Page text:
Chicago wins 2nd Cup in 4 years

Toews, Kane, Crawford, Keith lead incredible rally


Playoff MVP Patrick Kane – the third Team USA player in as many years to win the Conn Smythe Trophy – hoists the Stanley Cup after winning Game 6. Photo: Brian Babineau / NHLI via Getty Images

BOSTON – The Chicago Blackhawks snatched victory from the jaws of defeat in Game 6, scoring two goals 17 seconds apart in the final minute and a half to turn a 2-1 loss into a 3-2 Stanley Cup victory.

David Bolland was the hero, scoring the Cup winner with just 58.3 seconds left in regulation time. Bryan Bickell had tied the score with goalie Corey Crawford on the bench for a sixth attacker.

The story lines were plenty for the Hawks in the 2012/2013 season, which concluded in perhaps the most dramatic fashion in recent memory. Jonathan Toews suffered what many thought was a concussion midway through game five and played a pivotal role tonight, scoring the tying goal in the second period to give the Hawks some life.

Linemate Patrick Kane was awarded the Conn Smythe Trophy as playoff MVP. He had a hat trick in game five against Los Angeles, including the series winner in overtime, and he had two goals last Saturday to propel the Hawks to a critical 3-1 win in game five to set up tonight’s victory.

Perhaps the happiest person in the hockey world not a member of the Hawks is Steve Yzerman. The executive director of Team Canada for Sochi had to have been impressed by the incredible goaltending of Corey Crawford, who must now be a serious candidate for one of the three spots available next February.

Crawford was at his best in the first period tonight, keeping the score 1-0 for Boston at a time when the Bruins dominated play and could have easily built a lead of two or three goals.

The 2013 Hawks roster consisted of nine Canadians, five Americans and eight Europeans. The latter group included four Swedes (Johnny Oduya, Niklas Hjalmarsson, Viktor Stålberg, and Marcus Krüger); two Slovaks (Marian Hossa and Michal Handzus), and two Czechs (Michal Frolik and Michal Rozsival).

The Hawks started this abbreviated, 48-game season by registering a point in a league-record 24 straight games from the start of the season, but after an easy series against Minnesota found themselves trailing 3-1 in games to Detroit in the Conference semi-finals. Only a heroic rally saved the team from early elimination, capped by Brent Seabrook’s goal in overtime of game seven.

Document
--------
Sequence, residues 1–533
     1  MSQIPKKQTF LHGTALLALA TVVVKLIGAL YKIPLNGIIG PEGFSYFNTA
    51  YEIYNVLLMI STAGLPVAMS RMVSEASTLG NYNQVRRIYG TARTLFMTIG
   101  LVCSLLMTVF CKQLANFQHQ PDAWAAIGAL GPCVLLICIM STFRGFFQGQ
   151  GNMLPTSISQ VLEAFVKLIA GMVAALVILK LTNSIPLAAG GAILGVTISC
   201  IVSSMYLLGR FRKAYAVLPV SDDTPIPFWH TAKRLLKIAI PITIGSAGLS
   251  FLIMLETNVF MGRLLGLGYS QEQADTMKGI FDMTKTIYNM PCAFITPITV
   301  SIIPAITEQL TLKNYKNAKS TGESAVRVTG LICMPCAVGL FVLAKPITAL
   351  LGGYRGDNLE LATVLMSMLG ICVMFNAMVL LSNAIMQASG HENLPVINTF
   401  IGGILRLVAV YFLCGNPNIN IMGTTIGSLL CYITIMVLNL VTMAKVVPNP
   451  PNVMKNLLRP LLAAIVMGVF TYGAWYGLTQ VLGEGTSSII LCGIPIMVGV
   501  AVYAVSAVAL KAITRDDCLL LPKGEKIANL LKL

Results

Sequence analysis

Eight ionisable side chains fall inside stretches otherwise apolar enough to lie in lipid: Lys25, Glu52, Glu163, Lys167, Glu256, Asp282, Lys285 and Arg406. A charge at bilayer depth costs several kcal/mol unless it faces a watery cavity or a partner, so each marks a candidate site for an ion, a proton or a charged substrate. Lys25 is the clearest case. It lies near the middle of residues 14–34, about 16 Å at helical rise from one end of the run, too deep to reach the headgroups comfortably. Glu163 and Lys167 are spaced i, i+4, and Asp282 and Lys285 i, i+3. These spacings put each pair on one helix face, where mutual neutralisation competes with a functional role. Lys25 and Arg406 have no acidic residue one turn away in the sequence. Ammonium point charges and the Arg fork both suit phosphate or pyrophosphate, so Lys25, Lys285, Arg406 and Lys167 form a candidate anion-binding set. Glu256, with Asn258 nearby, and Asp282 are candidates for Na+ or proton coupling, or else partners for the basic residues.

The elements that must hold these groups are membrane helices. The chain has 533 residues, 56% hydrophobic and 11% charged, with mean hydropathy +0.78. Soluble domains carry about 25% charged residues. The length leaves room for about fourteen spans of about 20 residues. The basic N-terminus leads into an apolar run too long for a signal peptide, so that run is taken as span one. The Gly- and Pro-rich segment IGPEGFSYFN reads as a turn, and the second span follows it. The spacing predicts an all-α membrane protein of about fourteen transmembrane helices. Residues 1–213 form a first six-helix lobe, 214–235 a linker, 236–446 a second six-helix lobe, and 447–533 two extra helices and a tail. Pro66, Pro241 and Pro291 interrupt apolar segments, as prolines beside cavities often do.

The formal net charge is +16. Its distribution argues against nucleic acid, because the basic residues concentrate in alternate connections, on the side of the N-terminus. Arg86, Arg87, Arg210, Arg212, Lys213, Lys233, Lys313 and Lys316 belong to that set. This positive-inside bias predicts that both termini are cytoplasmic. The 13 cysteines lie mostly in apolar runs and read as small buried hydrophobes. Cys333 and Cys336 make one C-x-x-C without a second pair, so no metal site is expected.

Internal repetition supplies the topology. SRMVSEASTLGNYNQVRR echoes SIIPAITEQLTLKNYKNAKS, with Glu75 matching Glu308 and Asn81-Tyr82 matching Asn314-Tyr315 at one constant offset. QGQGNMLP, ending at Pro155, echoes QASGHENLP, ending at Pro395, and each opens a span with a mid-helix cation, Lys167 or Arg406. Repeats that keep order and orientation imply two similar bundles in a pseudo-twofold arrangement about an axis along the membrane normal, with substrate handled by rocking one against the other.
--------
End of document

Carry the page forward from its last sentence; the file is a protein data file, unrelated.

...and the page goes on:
Chris Kelly gave the Bruins a 1-0 lead tonight in game six of the finals with the only goal of the opening period, but Toews’s tying marker in the second set the stage for a dramatic final period of regulation. Milan Lucic converted a David Krejci pass in the slot to make it 2-1 Boston with 7:49 remaining, and in the context of the game it surely felt like the winning goal.

Coach Joel Quenneville pulled Crawford with a minute and a half remaining in regulation as Kane carried the puck deep into the Boston end. Toews took the puck behind the net, fired a brilliant pass in front to Bickell, and the game was tied with only 1:16 remaining.

However, while everyone in Boston and watching on television was preparing for what seemed to be the inevitable overtime, Johnny Oduya took a quick point shot through traffic that beat Rask and hit the post. The puck came right to Bolland, who lifted it into the empty net before anyone could get to him. A 2-1 deficit became a 3-2 lead seemingly in the blink of an eye. A minute later, Chicago had won the Stanley Cup.

And so, for the second time in four years, the Hawks have been crowned NHL champions. Given the relative youth of their lineup – not to mention their experience – it would seem this will not be the last Cup for Toews, Kane, and Company.





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